Here, in the midst of war, raging and roaring over all the lands and seas, creeping nearer to our hearts and homes, here, amid all the tumult, we have tonight the peace of the spirit in each cottage home and in every generous heart.
Therefore we may cast aside for this night at least the cares and dangers which beset us, and make for the children an evening of happiness in a world of storm. Here, then, for one night only, each home throughout the English-speaking world should be a brightly-lighted island of happiness and peace.
Let the children have their night of fun and laughter. Let the gifts of Father Christmas delight their play. Let us grown-ups share to the full in their unstinted pleasures before we turn again to the stern task and the formidable years that lie before us, resolved that, by our sacrifice and daring, these same children shall not be robbed of their inheritance or denied their right to live in a free and decent world.
And so, in God’s mercy, a happy Christmas to you all.
I got my bike when I was 11, a shiny blue 10-speed, and it’s still the only bike I’ve ever owned. For years after I moved to a city and discovered public transit, it sat idle in the garage. But with gyms closed and much of the world shut down, I took to riding it again.
I rode all around New York City, out to Coney Island, further, down the Jamaica Greenway and out to the Rockaways. I rode out to the Bronx and across the bridges that crisscross the East River, which is actually not a river but a tidal estuary.
I liked how it felt to ride far and fast, I relearned how to ride with no hands. I screwed up my courage and took curves at high speed. I packed fig bars and water so I wouldn’t have to worry if I landed somewhere with no fuel. I listened to loud music on my airpods and sometimes if no one was around I would sing at full voice.
While biking I learned all the words to Fiona Apple’s new record, “Fetch the Bolt Cutters,” and same for Morrissey’s “I Am Not a Dog on a Chain.” I found power in pedals, strength in pushing, and freedom in sailing through air.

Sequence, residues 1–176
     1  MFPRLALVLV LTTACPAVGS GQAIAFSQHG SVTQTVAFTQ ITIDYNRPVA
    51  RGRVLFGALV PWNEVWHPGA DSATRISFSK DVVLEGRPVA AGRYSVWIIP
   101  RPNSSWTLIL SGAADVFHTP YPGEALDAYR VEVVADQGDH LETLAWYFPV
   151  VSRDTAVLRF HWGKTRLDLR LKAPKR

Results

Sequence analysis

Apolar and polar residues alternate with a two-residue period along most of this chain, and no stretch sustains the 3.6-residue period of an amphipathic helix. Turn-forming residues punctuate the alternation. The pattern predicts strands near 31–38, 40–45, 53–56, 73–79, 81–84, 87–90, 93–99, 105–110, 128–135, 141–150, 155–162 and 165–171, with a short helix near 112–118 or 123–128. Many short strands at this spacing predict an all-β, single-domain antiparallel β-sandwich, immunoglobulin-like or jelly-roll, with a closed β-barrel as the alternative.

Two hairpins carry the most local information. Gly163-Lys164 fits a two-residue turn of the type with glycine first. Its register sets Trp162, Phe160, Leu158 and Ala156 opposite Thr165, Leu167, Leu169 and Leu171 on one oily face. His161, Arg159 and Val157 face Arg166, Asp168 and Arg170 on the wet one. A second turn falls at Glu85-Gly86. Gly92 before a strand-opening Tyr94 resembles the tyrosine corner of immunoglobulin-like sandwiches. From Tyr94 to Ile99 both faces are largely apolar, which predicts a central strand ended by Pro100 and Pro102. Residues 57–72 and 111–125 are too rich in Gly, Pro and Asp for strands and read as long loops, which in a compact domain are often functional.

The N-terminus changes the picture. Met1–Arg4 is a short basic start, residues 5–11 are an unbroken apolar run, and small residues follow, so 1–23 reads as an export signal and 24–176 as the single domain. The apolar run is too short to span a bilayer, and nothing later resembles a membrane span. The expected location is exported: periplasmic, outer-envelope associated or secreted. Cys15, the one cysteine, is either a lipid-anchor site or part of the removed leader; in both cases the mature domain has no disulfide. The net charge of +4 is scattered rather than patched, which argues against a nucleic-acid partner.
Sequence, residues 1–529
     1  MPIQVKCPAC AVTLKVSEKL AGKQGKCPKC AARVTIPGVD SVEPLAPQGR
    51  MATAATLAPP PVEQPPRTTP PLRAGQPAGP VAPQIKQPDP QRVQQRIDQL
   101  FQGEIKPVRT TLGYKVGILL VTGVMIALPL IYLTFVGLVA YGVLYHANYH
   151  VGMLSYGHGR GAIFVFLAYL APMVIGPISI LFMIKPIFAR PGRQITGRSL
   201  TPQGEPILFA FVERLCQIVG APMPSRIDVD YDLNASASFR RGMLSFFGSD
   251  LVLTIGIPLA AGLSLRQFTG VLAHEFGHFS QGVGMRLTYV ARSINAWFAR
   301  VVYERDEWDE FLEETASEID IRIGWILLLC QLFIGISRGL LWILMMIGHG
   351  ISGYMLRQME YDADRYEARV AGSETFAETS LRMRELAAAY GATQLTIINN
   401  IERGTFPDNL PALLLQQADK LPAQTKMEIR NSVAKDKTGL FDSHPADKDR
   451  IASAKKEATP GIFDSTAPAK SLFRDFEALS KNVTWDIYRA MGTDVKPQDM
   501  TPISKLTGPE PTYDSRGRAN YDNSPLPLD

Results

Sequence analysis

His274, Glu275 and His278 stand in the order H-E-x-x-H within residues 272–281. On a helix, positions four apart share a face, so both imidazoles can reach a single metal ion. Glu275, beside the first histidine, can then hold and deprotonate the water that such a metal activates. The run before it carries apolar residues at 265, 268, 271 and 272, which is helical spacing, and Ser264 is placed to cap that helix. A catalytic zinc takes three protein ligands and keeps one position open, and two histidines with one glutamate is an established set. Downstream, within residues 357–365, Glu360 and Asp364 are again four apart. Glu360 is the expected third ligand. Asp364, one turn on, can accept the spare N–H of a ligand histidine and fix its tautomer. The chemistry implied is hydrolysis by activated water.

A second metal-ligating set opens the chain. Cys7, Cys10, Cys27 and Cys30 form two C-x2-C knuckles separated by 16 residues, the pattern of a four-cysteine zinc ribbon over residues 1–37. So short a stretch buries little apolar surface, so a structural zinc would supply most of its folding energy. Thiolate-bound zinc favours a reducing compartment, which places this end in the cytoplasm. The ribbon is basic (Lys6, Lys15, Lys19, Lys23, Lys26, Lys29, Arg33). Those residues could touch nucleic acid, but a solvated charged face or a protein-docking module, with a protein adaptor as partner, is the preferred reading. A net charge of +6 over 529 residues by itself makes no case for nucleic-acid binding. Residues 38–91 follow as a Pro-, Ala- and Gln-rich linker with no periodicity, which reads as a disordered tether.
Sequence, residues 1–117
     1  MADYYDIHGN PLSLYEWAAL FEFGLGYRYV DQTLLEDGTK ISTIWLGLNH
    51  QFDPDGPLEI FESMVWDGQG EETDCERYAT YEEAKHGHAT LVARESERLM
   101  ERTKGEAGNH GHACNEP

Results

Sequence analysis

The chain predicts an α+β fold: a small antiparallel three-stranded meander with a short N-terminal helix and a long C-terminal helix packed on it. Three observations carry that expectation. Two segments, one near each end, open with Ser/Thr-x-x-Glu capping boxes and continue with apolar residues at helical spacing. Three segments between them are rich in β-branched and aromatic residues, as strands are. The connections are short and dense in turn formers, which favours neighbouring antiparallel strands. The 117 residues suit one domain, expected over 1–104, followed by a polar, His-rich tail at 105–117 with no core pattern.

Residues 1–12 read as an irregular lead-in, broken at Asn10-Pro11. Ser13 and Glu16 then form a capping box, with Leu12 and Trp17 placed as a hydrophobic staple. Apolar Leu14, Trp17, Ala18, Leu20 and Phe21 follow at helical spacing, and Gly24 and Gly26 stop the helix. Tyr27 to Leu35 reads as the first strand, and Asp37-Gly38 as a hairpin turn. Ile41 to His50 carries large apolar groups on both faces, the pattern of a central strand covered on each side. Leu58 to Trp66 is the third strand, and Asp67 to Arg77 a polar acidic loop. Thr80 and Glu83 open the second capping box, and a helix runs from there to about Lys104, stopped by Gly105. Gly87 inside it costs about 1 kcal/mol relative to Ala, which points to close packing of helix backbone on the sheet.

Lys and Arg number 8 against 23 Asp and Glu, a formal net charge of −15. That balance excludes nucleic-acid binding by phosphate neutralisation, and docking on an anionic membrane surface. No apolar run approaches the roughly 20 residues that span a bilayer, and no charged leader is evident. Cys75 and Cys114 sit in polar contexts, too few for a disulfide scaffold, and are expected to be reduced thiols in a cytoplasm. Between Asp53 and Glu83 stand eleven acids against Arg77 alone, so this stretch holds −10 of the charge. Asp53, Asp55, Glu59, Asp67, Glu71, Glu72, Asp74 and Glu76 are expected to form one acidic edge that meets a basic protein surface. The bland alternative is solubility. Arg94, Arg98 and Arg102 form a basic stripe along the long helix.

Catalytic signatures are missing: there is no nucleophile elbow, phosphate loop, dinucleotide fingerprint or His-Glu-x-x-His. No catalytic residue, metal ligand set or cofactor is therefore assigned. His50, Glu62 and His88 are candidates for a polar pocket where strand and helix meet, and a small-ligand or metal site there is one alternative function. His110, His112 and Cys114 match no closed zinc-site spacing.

Inez Feltscher Stepman
I know it’s a forced thing, but nevertheless it brings me joy to see our parks, whether national or local, be in use. Unfortunately, too often, parks in large American cities sit basically unused outside of joggers and the homeless. This year, though, they’re full of groups of 20- and 30-somethings, whether sharing a drink or a picnic. In a rough year, it was nice to walk through the parks of D.C. or New York and see them come to life.
While many of my fellow Seattleites eagerly abided by nonsensical government lockdowns and shelved their “normal lives,” I found myself on the brink of depression two months into the pandemic. Without a vibrant social scene or thriving culture, city life is pointless for a single twenty-something like me, and clumsy Zoom happy hours mixed with living-room yoga just didn’t cut it.
So in May, after my company became permanently virtual and I realized I could still make my living from anywhere, I packed a duffle bag and a Nikon camera, threw it in my well-loved 1995 Toyota 4Runner, and set out on the road. A tour of the American West had been a dormant dream of mine for years, and it dawned on me that there was no better time to do it.
When all was said and done, I spent 80 days on the road, driving more than 12,000 miles in a rough loop from the Pacific Northwest to Idaho and Montana, down to the Mexican border by way of Colorado and the Southwest, then back up through Utah, Nevada, California, and Oregon. I slept in the back of my truck, worked in any open café I could find, and spent my weekends touring National Parks and pursuing my hobby of photography.
I reconnected with long lost friends in different cities, who offered me shelter and showed me the meaning of true friendship. I traveled over winding mountain passes, through Native reservations, and down many abandoned Main Streets that hearkened back to bygone eras.